Death at a Funeral (2007) dir. Frank Oz
Starring: Matthew Macfadyen, Keeley Hawes, Andy Nyman, Ewen Bremner, Peter Dinklage
Comedy is the most difficult genre to crack, it requires brave filmmakers and actors who courageously stick their necks out for the sake of a laugh. And so when comedy doesn’t work, it falls hard, really hard. “Death of a Funeral”, a Brit-com that made some minor noise in film festivals last year and arrives straight to video this week, falls really hard.
Daniel’s (Matthew Macfadyen) father has died and he’s been charged with coordinating the funeral arrangements. In fact, it’s the day of the funeral and when he’s shown the body and casket for the first time, the morgue has brought the wrong body. It will be a day filled with a series of these nightmarish events which will turn his day of mourning into a day of hair-pulling stress and anxiety.
From the user-comments around the internet and some of the quotes on the DVD box, apparently many people found this film funny. In fact, Richard Scheikel describes it as “Insanely Funny”. Why, how and when comedy makes you laugh is an elusive question – and I can only respond with my gut reaction- but there are fundamentals in structure and timing that need to be followed. The filmmakers have the most of the timing down, but it sorely lacks freshness.
“Death at a Funeral” failed for me, because the gags felt old – 20 or more years old. If the film were made in the 60’s, the black humour would have worked. But funeral comedies have already pushed the boundaries of good taste far beyond this film and so “Death at a Funeral” appears more light grey than black.
The film relies on a series of well-worn comic situations. First there’s Simon who accidentally swallows an acid pill thinking its valium and spends the entire film ogling and overacting his acid trip; There’s the dwarf, Peter, who reveals a dark homosexual secret about Daniel’s father and blackmails the family for a piece of the inheritance; There’s Daniel’s Manhattanite brother whom Daniel resents for the success he’s never been able to achieve; There’s the n’er-do-well Howard who spends the first 15mins bickering with Daniel about being shafted on his parking spot. And at one point, Uncle Alfie, who is in a wheelchair, gets Howard to help him onto the toilet seat before his craps his pants. Without Peter Sellers, Rowan Atkinson or John Cleese, the actors playing the roles just don’t have the chops to sell us these overused gags.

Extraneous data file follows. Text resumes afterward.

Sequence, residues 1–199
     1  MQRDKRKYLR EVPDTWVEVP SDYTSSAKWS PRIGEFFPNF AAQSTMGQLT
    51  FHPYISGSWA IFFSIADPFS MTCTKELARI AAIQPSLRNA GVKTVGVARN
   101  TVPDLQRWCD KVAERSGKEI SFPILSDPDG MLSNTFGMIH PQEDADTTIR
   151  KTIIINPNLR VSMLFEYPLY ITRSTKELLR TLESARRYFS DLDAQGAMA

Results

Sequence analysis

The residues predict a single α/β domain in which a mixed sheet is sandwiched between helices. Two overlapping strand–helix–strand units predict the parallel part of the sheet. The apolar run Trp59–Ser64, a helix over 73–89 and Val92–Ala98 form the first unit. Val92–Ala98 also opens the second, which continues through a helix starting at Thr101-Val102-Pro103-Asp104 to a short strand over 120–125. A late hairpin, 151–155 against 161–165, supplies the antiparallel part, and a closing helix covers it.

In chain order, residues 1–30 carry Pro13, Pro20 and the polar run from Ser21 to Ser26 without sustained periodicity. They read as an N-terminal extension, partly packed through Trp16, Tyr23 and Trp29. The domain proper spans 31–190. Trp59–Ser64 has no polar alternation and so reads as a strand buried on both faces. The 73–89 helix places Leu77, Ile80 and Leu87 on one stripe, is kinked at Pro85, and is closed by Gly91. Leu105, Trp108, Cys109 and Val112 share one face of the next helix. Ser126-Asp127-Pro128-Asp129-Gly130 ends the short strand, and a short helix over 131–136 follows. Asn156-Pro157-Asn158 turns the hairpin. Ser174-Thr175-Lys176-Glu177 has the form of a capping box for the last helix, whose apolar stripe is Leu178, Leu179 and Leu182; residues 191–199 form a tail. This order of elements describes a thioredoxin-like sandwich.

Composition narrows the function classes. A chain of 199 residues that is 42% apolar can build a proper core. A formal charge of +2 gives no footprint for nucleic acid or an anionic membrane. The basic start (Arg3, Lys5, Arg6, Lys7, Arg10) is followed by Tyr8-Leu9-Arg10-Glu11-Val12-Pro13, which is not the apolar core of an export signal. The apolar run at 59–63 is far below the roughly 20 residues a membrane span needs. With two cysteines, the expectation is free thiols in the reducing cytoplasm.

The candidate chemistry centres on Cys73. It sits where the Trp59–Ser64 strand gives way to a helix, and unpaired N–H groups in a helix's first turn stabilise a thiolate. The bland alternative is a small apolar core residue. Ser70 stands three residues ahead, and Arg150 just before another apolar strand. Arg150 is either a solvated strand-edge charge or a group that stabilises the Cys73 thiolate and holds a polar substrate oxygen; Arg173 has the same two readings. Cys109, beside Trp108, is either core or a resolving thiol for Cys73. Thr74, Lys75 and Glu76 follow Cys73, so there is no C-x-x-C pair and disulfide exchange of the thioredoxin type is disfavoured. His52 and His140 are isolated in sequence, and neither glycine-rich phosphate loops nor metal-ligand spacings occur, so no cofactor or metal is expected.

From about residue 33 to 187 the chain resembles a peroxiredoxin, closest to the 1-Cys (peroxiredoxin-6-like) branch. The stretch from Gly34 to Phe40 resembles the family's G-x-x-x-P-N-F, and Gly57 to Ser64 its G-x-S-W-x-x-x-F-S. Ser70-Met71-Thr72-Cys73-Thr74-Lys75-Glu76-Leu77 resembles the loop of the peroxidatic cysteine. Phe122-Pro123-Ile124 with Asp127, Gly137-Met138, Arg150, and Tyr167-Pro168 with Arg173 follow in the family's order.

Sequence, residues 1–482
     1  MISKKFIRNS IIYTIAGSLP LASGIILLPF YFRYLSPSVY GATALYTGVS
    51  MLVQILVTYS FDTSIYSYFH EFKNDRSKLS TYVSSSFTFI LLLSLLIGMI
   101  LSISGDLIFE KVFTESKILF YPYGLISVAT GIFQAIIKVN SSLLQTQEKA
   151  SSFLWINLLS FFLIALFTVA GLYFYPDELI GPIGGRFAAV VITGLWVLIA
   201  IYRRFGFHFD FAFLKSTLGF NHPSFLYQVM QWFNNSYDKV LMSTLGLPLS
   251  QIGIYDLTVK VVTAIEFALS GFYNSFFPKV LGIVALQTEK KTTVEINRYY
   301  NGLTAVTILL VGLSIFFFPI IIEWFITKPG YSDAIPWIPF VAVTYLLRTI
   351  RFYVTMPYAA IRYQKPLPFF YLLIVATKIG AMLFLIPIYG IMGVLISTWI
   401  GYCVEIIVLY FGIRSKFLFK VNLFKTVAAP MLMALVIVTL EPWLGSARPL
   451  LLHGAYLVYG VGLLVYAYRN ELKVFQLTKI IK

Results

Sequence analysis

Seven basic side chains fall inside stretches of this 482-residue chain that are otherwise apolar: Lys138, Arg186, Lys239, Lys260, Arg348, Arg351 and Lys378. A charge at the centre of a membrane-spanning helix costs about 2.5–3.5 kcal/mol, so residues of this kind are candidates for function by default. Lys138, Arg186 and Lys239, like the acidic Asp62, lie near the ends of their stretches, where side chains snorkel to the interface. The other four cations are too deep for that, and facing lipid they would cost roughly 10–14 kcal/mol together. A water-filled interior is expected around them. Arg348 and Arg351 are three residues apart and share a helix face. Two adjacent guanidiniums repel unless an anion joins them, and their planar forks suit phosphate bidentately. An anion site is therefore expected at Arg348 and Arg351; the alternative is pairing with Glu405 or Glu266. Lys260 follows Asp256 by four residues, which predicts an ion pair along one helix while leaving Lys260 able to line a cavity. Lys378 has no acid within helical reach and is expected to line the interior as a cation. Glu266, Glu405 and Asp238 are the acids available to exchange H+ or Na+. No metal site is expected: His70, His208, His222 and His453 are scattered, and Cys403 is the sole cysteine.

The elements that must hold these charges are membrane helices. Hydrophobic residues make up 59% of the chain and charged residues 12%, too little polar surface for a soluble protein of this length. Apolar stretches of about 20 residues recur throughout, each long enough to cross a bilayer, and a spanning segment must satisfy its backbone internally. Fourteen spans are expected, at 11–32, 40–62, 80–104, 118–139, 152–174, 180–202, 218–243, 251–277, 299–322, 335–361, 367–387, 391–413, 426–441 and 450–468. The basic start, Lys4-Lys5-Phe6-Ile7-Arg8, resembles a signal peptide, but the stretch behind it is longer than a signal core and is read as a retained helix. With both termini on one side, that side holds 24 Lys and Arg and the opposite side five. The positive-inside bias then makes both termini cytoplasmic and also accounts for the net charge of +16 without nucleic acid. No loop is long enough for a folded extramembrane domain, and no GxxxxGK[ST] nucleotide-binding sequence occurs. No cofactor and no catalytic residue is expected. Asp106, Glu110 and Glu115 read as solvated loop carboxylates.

After 15mins I was checking my watch and I actually turned the film off at an hour, intending to commit a faux pas and write this review without seeing the ending. But after some research, I read that the backend of the film was apparently better than the front. So I watched the rest of the movie. I was misinformed. It was dull to the very end.
On paper, “Death at a Funeral” has great potential. Its pitch likely included influences from the great tradition of British comedies - “A Fish Called Wanda”, “Local Hero” or “Faulty Towers”. Unfortunately it turns out to be a dreadful comedy paved with good intentions made 20 years too late.
"Death at a Funeral" is available on DVD from Alliance Films